Using the Device Manager

Written by Barry Dysert (last updated April 1, 2019)

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The Windows Device Manager lets you graphically view and manage devices on your local computer. Its capabilities include:

  • Verify that your hardware is working properly
  • Change hardware configuration settings
  • Obtain device driver information
  • Change settings for devices
  • Install updated device drivers
  • Enable, disable, and uninstall devices

How you invoke the Device Manager depends on the version of Windows you are using. If you are using Windows 7, click the Start button, right-click Computer, and select Properties. If you are using Windows 8, display the Charms (press Win+C), click Settings, and click PC Info. If you are using Windows 10, display File Explorer, right-click This PC, and select Properties.

Regardless of the version of Windows you are using, a Control Panel screen appears that displays some information about your system. At the left side of the screen click Device Manager. Windows displays the Device Manager dialog box. (See Figure 1.)

Figure 1. The Windows Device Manager

Note that if you are using Windows 10, you can go directly to the Device Manager by typing "Device Manager" (without the quotes) in the search box and select Device Manager from the displayed results.

The Device Manager uses a hierarchical display, meaning that you can expand or collapse different groups of items displayed in the window. For instance, if you wanted to see what disk drives were installed in your system, you would click the small triangle just to the left of the Disk Drives entry. Clicking the triangle again would collapse the category.

With the actual devices in your system on display, you can do things like update driver software, uninstall the device, look at the device's properties, etc. Just right-click on the device you're interested in and choose the appropriate option from the Context menu. When you are finished, close the Device Manager dialog box.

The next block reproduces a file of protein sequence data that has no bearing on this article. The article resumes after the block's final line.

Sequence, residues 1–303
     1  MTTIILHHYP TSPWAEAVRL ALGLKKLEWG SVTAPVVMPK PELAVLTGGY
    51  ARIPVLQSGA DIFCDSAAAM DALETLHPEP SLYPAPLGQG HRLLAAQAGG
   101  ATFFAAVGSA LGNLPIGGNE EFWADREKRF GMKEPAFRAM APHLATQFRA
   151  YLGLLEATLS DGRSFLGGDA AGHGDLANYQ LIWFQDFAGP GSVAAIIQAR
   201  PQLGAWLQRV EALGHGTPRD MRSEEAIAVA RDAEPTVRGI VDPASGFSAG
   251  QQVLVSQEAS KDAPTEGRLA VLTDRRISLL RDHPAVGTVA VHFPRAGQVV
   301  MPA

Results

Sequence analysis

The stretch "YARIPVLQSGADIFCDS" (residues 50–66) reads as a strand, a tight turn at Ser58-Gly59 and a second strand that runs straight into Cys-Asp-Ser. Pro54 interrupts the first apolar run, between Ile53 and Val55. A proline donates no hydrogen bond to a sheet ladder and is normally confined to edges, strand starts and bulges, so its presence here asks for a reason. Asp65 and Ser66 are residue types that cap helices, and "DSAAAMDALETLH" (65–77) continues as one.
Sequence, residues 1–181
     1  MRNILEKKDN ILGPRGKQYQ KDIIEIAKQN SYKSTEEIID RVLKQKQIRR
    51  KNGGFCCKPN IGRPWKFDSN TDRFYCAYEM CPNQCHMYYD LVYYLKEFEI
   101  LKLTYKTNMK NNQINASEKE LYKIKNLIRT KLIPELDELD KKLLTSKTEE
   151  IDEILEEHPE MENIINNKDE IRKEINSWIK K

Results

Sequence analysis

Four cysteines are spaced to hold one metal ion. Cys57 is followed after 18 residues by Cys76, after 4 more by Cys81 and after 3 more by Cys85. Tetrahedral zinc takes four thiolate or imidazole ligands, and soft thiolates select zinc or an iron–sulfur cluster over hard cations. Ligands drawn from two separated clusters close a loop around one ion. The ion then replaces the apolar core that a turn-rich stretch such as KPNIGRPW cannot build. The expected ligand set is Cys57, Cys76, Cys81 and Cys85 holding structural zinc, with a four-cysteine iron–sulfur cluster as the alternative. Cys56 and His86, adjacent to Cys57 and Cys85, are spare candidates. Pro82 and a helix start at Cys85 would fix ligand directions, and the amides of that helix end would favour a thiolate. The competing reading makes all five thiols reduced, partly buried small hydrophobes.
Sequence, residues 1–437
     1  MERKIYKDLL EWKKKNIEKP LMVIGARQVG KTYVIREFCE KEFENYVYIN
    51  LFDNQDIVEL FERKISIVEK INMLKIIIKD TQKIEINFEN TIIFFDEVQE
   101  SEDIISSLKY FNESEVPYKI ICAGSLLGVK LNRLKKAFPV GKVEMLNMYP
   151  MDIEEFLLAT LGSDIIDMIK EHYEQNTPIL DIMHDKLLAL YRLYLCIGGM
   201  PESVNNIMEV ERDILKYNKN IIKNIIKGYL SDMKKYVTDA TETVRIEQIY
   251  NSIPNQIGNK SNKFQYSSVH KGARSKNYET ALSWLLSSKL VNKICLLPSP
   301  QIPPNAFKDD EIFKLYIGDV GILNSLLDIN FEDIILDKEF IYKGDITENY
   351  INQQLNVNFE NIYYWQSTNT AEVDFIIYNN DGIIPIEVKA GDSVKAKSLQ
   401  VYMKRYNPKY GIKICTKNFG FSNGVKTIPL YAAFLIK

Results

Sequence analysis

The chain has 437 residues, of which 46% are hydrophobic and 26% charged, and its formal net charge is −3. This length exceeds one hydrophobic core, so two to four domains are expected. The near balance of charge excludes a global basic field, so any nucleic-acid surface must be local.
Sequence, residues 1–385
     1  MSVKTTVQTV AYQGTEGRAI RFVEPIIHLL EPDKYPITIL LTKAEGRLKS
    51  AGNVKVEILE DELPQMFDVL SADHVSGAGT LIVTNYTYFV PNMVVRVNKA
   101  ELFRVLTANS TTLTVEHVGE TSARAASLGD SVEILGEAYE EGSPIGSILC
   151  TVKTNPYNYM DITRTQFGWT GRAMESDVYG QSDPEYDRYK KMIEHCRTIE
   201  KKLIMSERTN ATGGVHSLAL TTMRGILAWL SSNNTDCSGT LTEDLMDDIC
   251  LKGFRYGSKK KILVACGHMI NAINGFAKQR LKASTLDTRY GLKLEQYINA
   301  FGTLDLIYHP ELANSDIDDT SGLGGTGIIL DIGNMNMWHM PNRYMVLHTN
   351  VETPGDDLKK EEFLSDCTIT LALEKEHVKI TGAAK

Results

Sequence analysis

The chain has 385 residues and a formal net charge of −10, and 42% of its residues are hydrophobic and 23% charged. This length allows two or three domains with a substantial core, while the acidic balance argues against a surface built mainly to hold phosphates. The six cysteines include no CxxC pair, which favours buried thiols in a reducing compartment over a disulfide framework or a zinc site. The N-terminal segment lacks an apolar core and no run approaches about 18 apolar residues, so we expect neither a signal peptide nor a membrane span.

This tip (12628) applies to Windows 7, 8, and 10.

Author Bio

Barry Dysert

Barry has been a computer professional for over 35 years, working in different positions such as technical team leader, project manager, and software developer. He is currently a software engineer with an emphasis on developing custom applications under Microsoft Windows. When not working with Windows or writing Tips, Barry is an amateur writer. His first non-fiction book is titled "A Chronological Commentary of Revelation." ...

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What is three more than 4?

2019-04-01 09:40:51

MIchael Armstrong

I normally run in standard user mode. Many system-level tools can be right-clicked and "Run as Administrator" selected to start the app in elevated mode. But many can't, seemingly including Device Manager. Is there a secret way to do that, and, once running, set an icon in the taskbar to startup in elevated mode?


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